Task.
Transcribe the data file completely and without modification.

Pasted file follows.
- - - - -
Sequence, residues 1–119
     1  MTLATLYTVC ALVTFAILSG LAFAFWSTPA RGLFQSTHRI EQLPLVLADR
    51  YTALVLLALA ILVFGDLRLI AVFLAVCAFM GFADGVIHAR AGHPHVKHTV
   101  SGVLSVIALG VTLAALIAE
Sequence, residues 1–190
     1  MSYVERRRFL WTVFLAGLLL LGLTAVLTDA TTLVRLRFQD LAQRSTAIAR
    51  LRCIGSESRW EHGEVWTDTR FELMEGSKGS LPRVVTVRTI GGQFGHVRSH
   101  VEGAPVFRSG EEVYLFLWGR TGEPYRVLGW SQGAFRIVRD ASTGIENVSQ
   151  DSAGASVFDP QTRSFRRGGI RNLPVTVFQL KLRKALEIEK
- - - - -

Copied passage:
Sequence, residues 1–119
     1  MTLATLYTVC ALVTFAILSG LAFAFWSTPA RGLFQSTHRI EQLPLVLADR
    51  YTALVLLALA ILVFGDLRLI AVFLAVCAFM GFADGVIHAR AGHPHVKHTV
   101  SGVLSVIALG VTLAALIAE
Sequence, residues 1–190
     1  MSYVERRRFL WTVFLAGLLL LGLTAVLTDA TTLVRLRFQD LAQRSTAIAR
    51  LRCIGSESRW EHGEVWTDTR FELMEGSKGS LPRVVTVRTI GGQFGHVRSH
   101  VEGAPVFRSG EEVYLFLWGR TGEPYRVLGW SQGAFRIVRD ASTGIENVSQ
   151  DSAGASVFDP QTRSFRRGGI RNLPVTVFQL KLRKALEIEK